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Saturday, February 16, 2013

Hype Starts Here's Top 40 Movies of 2012 (40-26)

        I have a history with using the lowest slot of this list on something pretty damn goofy, and 2012 will prove no different. BD2 isn't exactly a good movie, not in a traditional sense, but ogling at its lunacy (Bella takes down a cougar!), and howling at its utter absurdity (CGI baby! Rampant decapitations!) provided for two of the craziest, most hilariously enjoyable hours on my entire cinematic calendar.
39. Red Lights
        Rodrigo Cortés is a name to watch. The up-and-coming auteur helms this story of a renown magician (Robert DeNiro), and the pair of investigators determined to expose his parlor tricks (Cillian Murphy and Sigourney Weaver). A modern day response to Christopher Nolan's The Prestige, RL is a stylish mystery with atmosphere to spare, and even if it doesn't clear the sky-high bar set by the director's previous chilly triumph, Buried, Cortés is here to stay.
38. John Carter
        Poor John Carter never stood a chance. 2012's biggest bomb, the mega-budgeted sci-fi affair splits its time between a Civil War-era Arizona, and the charred-red surfaces of Mars. Visual similarities to an unloved Star Wars prequel, a near-unheard-of star (Taylor Kitsch), and a loopy plot that plays liberally with time, space, and mortality: These are just some of the reasons that John Carter was destined to fail as a big cash rake, but they're also why the flick is such a pip when you actually give it a chance. Big, bombastic and engaging, here's to hoping that former Pixar wiz Andrew Stanton can find a bigger audience next time he decides to go live-action.
37. Skyfall
        Skyfall is BY FAR the highest-grossing James Bond movie of all-time, and even I (almost) get the hype. Daniel Craig's embodiment of the character is one of cinema's finest active action heros, and Director Sam Mendes has no shortage of crazy stunts and set-pieces to run him through, each captured with texture, sweat, and beauty by cinematography god Roger Deakins. To be fair, I'm not the series' biggest aficionado, so I can only imagine how the many allusions to past glories surprised and delighted 007 lovers world-wide. But I do dig on kinetic action, Javier Bardem hamming it up, and the propulsive, proficient popcorn playfulness that is Skyfall.  
36. Seven Psychopaths
        A man sits down to make a movie, loses himself (and his parent film) within layers of guarded meta-ness, and everything goes bat-shit crazy in the end. It's a formula that's been re-vistited time and time again, from foreign classics like 8 1/2 and Day for Night, to modern mind-benders like The Player and AdaptationSeven Psychopaths traverses some trodden ground, but differentiates itself with an inescapable feeling of gleeful madness. The cast, headlined by such nut-bin luminaries as Colin Farrell, Sam Rockwell, Woody Harrelson, Tom Waits, and an especially excellent Christopher Walken (mesmerizingly subdued... by his standards, anyways) have an absolute field-day with Martin McDonagh's zany script. If you've got patience inner-flick reflexivity, and a taste for dark, dark humor, this is the movie for you.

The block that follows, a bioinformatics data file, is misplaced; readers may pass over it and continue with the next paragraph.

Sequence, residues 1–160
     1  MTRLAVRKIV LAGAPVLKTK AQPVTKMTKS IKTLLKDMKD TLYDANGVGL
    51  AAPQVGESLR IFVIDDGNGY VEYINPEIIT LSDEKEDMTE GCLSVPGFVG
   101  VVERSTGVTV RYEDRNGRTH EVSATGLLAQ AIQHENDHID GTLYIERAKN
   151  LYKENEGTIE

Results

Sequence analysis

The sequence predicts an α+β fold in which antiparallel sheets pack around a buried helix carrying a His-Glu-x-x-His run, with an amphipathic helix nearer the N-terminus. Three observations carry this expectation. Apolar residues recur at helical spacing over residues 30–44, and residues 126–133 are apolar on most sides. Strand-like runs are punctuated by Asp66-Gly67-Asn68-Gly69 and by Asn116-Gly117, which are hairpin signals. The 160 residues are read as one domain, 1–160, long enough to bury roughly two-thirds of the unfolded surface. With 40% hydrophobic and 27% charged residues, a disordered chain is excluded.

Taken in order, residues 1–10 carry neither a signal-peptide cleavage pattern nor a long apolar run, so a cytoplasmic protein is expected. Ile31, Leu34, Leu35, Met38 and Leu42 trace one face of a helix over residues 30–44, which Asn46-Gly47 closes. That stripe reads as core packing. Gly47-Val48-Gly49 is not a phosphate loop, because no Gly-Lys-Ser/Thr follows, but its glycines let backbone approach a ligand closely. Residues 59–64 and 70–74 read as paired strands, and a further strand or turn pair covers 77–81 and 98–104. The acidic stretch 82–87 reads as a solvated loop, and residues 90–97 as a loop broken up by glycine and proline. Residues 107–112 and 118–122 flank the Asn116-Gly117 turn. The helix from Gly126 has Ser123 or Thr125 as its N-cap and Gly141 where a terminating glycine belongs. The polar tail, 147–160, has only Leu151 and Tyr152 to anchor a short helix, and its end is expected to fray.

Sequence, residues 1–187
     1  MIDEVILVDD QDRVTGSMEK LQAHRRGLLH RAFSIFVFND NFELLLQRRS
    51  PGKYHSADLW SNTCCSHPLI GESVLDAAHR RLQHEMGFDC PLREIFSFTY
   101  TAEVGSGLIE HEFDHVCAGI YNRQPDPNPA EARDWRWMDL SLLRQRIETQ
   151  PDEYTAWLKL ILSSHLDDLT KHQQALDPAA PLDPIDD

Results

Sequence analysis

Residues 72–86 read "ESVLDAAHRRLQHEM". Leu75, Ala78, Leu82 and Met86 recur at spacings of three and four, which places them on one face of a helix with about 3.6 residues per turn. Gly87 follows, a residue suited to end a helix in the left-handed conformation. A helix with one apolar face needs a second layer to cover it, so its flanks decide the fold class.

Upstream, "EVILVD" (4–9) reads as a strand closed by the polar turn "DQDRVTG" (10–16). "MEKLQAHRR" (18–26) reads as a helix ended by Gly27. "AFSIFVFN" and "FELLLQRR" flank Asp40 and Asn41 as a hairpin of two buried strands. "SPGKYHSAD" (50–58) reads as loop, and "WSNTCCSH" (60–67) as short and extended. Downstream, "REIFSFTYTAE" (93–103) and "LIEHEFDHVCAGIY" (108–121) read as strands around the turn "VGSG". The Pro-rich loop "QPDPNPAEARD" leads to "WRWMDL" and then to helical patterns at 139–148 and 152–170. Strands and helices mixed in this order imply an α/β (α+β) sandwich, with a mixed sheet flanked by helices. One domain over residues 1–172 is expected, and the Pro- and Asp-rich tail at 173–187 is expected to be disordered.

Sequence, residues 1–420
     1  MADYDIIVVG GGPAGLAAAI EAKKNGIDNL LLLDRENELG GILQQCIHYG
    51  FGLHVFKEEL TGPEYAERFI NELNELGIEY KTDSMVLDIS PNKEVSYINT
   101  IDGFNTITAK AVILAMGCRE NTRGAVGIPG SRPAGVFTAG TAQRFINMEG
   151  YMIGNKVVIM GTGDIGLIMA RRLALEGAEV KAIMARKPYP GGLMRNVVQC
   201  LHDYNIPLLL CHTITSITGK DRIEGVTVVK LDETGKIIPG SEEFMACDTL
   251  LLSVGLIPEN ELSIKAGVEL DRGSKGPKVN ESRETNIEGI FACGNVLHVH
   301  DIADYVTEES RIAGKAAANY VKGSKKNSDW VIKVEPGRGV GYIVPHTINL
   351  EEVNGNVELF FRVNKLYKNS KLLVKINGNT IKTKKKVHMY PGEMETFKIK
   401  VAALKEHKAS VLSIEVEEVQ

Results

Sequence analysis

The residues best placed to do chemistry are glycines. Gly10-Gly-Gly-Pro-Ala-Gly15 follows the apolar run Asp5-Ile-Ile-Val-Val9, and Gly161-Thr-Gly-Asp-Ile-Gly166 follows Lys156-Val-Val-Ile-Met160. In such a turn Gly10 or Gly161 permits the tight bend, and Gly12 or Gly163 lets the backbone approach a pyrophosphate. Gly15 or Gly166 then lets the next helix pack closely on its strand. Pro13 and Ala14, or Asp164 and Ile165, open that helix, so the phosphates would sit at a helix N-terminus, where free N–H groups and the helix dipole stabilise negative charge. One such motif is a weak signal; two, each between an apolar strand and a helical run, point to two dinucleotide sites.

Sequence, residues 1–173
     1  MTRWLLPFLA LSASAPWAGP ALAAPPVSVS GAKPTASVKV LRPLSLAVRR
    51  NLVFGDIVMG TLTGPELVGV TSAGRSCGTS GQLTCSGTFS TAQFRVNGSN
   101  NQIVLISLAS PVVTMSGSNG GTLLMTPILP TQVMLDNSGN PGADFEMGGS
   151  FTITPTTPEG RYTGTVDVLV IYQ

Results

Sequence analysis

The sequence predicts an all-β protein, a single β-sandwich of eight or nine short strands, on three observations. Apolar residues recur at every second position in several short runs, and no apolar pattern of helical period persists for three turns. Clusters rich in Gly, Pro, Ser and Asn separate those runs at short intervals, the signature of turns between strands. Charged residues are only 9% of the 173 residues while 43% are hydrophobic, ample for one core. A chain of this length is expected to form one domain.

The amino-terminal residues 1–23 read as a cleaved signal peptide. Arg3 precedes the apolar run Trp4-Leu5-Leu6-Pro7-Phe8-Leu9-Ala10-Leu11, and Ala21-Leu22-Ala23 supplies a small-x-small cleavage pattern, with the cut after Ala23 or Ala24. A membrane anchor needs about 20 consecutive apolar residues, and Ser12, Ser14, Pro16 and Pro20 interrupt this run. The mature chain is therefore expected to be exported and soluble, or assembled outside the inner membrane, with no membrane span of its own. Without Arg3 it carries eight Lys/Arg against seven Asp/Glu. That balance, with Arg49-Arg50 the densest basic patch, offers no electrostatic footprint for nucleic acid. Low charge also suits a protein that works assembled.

It's easy to get hung up on what The Hobbit did wrong, and forget considerable spectacle on display. Yes, the crazed frame-rate and maddeningly elongated structure will forever separate this film from the launcher of that, 'other,' trilogy, Fellowship of the Ring, but that alone shouldn't diminish this trip back to Middle Earth. The tale of Bilbo's (Martin Freeman) journey to Smaug's lair shared that same sense of scale and enormity, Howard Shore's score still blowing about like a powerful wind, director Stephen Jackson cooking up one stellar action sequence after the next. A solid 20 minute stretch near the end stands as some of the most electric cinema I saw all year; best of all, methinks it only gets more exciting from here.
        The 2012 film which most-fully embodies the term, 'mixed bag,' but then again, wasn't that always going to be the case? CA is all over the damn place, flipping between swash-buckling adventures in the 1800's, to a post-apocalyptic landscape in a distant, unspecified future, levels of quality wildly divergent. Through it all, a medium-sized cast, headlined by Tom Hanks and Halle Berry, contorts themselves into a variety of characters and stories with the help of prosthetics, CGI, and any other movie magic that you can think of. Cloud Atlas' ambition is towering and not to be scoffed at, and even if each segment doesn't work on the exact same level as the last, the ones that prove fully operational (Ben Whishaw's olden-times composer, the Blade Runner thrills of the near future) are mysterious, emotional, positively thrilling.
33. The Perks of Being a Wallflower
        Perks comes from a school of films which are, undoubtably, the most difficult to grade/rank. Through ten minutes, I was honestly considering turning the thing off (an extreme rarity for me), but then something happened; high school misfit Charlie (Logan Lerman) actually makes some friends (Ezra Miller and Emma Watson). The interplay between the three is downright precious, and for every eye-rolling scene of indulgent voice-over journalling, there's at least one completely magical, transportive sequence, such as Miller and Lerman's rooftop awkwardness, or that impossibly nostalgic tunnel drive. It didn't have me the whole time, but when it did, I couldn't possibly have been happier.
32. Cosmopolis